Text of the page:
The nomenclature of climate science?
I recall a question around here a day or two ago which asked about the dihydrogen monoxide petition. Several of the answers pointed out that a chemist would never use that expression (even though it is technically correct). But it is true that nobody would use that term in a scientific setting.
This got me thinking about another term: forcing. Of course you hear this term all the time around here and throughout most climate studies and the IPCC reports. And people who use this term may be the same as those who dislike the alternative H2O term. And they're the type to mention Laws of Thermodynamics and what the physics tells us about CO2 and radiative forcings, etc.
Well, I have a challenge for you. Other than in climate science, find examples in physics where the term "forcing" is used. You can start here: http://en.wikipedia.org/wiki/Forcing
I see climate science is in there twice. So is magic. But nothing about physics. Good luck all. I await some awesome answers.
@Baccheus: Thanks, that has the makings of an awesome answer.
Unfortunately I don't have the time right now to dig into that in detail. The few I did take a cursory look at were related to mathematics. And since electrical engineering is my field I looked into the electromagnetic forcing device. I found the paper here: http://126.96.36.199/bitstream/handle/2027.42/43...
My initial reaction is that none of these are related to physics and the natural world. It's unfortunate that YA seem to cut off your physics examples as those would have been good to look at. Maybe you could fix that?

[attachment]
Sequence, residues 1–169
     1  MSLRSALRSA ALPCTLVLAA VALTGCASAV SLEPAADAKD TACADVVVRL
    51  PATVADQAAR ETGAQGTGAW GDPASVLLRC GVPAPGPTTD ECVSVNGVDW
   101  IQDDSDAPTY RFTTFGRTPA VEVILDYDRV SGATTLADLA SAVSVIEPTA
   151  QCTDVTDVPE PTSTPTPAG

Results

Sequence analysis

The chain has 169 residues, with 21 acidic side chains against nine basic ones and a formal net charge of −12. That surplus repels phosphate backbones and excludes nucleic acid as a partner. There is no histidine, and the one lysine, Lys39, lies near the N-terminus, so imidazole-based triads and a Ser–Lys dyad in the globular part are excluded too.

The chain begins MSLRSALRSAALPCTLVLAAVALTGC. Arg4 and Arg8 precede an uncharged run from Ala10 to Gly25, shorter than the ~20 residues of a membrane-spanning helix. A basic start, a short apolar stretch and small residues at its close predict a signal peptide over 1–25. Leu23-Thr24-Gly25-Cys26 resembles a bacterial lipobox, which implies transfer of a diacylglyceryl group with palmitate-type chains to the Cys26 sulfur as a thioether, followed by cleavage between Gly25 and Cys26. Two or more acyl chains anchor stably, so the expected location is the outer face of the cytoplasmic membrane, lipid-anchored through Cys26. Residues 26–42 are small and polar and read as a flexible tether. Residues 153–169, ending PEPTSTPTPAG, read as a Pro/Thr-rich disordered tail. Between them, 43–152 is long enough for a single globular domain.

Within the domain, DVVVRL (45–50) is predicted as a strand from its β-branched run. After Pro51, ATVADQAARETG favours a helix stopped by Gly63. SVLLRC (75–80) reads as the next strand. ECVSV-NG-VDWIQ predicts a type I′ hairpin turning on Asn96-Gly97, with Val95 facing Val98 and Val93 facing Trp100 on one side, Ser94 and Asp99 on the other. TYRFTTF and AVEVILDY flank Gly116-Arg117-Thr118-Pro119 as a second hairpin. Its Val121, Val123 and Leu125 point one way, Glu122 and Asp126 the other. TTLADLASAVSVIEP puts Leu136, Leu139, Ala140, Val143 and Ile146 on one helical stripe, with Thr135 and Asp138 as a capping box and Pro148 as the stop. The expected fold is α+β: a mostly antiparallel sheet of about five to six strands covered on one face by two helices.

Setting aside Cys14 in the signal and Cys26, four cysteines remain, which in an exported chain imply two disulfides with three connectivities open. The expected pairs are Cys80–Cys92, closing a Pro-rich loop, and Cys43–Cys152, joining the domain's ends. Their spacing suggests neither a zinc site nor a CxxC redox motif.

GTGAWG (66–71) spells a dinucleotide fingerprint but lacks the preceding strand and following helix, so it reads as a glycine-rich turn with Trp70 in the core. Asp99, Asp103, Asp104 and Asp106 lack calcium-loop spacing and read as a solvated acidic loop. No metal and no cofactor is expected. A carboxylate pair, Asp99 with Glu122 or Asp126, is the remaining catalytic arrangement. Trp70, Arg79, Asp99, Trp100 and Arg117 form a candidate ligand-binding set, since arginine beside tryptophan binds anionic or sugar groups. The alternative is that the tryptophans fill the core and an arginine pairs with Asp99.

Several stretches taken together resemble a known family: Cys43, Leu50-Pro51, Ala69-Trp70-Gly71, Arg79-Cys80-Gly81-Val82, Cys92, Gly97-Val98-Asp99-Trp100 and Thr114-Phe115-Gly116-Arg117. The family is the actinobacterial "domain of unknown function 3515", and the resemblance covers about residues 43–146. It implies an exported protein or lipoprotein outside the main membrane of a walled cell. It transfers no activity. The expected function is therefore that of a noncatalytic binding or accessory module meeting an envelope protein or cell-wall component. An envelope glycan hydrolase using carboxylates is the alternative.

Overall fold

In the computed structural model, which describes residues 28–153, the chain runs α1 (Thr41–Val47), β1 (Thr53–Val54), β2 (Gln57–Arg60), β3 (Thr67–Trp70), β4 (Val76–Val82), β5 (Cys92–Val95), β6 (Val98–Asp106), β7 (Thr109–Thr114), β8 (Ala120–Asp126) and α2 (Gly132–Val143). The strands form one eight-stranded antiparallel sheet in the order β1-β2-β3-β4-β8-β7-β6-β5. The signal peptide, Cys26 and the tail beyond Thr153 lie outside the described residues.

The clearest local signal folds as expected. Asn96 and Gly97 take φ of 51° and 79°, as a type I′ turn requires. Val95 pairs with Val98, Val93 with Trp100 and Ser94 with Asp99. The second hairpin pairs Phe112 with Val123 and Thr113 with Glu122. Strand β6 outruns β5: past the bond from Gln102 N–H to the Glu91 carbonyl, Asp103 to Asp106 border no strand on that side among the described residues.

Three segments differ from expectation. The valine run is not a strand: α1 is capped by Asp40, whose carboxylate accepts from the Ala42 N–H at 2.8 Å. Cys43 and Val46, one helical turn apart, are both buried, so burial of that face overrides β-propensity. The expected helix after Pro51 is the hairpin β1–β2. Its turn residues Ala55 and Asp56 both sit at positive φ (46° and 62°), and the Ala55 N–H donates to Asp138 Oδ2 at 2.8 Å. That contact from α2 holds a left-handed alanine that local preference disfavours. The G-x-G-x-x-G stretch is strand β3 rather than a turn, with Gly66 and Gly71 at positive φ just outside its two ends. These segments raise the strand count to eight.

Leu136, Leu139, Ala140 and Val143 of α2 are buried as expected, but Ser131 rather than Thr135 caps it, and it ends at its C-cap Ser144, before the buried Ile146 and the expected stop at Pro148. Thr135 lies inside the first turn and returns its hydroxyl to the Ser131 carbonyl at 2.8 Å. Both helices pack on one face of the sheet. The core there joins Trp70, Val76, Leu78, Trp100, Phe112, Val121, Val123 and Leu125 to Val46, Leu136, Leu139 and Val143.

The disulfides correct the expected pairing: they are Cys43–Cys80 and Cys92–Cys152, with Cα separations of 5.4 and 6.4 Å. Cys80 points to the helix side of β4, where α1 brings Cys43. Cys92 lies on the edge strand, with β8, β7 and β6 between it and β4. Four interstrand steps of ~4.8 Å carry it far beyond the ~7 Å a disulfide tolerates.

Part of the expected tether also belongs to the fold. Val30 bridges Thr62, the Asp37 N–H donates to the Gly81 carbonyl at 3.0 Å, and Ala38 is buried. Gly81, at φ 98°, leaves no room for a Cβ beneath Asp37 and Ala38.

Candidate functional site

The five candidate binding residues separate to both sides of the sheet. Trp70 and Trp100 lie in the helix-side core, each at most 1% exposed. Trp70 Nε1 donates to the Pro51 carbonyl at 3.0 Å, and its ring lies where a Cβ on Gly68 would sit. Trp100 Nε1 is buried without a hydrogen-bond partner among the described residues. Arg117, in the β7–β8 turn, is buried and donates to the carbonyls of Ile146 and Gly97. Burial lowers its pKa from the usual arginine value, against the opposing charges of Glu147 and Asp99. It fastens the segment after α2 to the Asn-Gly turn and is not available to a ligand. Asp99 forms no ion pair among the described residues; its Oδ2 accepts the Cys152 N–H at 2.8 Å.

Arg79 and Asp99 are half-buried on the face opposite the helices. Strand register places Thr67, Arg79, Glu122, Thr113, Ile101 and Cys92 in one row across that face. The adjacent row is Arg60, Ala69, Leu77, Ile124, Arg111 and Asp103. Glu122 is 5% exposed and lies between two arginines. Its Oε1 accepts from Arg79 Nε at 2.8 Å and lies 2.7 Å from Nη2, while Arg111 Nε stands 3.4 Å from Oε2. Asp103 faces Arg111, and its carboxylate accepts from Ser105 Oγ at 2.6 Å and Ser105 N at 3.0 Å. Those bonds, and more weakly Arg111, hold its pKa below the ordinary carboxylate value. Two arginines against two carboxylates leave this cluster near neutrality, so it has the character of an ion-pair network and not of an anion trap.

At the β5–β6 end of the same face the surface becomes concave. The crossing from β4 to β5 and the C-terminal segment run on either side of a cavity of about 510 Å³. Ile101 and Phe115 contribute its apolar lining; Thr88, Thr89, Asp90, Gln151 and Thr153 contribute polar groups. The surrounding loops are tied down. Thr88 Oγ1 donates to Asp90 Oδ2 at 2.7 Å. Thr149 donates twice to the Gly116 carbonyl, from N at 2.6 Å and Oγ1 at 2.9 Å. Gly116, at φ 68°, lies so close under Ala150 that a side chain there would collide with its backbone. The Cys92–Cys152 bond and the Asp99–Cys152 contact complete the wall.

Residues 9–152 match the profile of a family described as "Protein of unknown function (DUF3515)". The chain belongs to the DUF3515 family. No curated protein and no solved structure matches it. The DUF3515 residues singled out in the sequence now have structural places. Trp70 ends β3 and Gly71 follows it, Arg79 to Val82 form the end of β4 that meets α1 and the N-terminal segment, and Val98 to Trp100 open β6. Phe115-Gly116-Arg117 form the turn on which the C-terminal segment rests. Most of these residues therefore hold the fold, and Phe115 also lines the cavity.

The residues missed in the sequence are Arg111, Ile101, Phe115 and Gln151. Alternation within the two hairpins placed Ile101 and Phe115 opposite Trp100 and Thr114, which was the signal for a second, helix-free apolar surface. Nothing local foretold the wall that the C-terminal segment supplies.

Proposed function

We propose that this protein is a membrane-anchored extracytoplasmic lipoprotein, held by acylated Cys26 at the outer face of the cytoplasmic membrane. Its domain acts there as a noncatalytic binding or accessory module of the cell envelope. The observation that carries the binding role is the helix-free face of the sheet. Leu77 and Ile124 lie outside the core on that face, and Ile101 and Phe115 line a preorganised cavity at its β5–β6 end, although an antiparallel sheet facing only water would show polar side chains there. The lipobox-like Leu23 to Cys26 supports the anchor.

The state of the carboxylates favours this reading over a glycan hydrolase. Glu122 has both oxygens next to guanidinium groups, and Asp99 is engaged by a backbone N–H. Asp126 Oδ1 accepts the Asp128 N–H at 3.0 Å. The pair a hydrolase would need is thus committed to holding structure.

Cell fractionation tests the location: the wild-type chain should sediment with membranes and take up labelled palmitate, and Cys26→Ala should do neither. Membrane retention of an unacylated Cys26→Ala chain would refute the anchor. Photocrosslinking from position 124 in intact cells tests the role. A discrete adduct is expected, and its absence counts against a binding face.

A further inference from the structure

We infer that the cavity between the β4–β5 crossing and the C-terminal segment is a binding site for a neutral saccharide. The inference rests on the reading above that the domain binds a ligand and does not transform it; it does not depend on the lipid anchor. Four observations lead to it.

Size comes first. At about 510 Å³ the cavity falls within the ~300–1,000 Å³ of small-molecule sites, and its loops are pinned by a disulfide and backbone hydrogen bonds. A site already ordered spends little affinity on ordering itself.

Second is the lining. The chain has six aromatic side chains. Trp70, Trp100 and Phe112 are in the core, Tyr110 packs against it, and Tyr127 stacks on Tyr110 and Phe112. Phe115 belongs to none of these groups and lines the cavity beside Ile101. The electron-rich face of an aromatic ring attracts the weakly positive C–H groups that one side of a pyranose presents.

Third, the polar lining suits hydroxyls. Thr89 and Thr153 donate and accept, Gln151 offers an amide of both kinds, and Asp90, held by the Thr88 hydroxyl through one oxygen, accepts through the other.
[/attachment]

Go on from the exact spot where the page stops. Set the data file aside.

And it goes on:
It would be great to see an example the\at involves thermodynamics in a natural scenario.
- BaccheusLv 78 years agoFavorite Answer
It is a common term in physics, engineering and related sciences. I suppose there is a decent synonym but I don't know one commonly used.
http://www.springerprofessional.de/s pmblob/1754606/bodyRef/058--- incompressible-flow-simulations-using-virtual-boundary-method-with -new-direct-forcing-terms- estimation.pdf
uni-muenster.de/imperia/md/ content/physik_ap/denz/ publikationen/2005/2005_25.pdf
papers.ssrn.com/ sol3/papers.cfm? abstract_id=2231613
I very quickly found more uses than I can link here. Copy paste and remove spaces to link.
Thermodynamics in a natural scenario (without going to climate). Copy paste and remove spaces to link.
dspace.mit.edu/bitstream/ handle/1721.1/ 54264/07210031.pdf?sequence=1
- KoshkaLv 58 years ago
Since when does quantites given in w/m^2 not physical quantities?
It would be nice to hear Paul's Alias say something like: "people that do not understand what differential equations are can be fooled by this kind of question" Or something like that =)
- KanoLv 78 years ago
Another interesting question, well done Mike, but I am not going to waste time searching, just suffice to say in thirty years of power station experience, I never heard that expression used.
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- JimZLv 78 years ago
That is a tough one. You can find millions of hits relating physics and force but forcing is much harder, particularly in the definition of climate scientists. It appears that maybe climate scientists are "forcing" their word into the nomenclature of physics.
I have an engineering degree and forcing isn't something we spent much time on. In geology, we dealt more with forces in stresses, strains, and strength of materials. Forcing is more abstract and may be more common in modelling IMO.
- 8 years ago
Where is Paul's Alias wehen you need him ... ?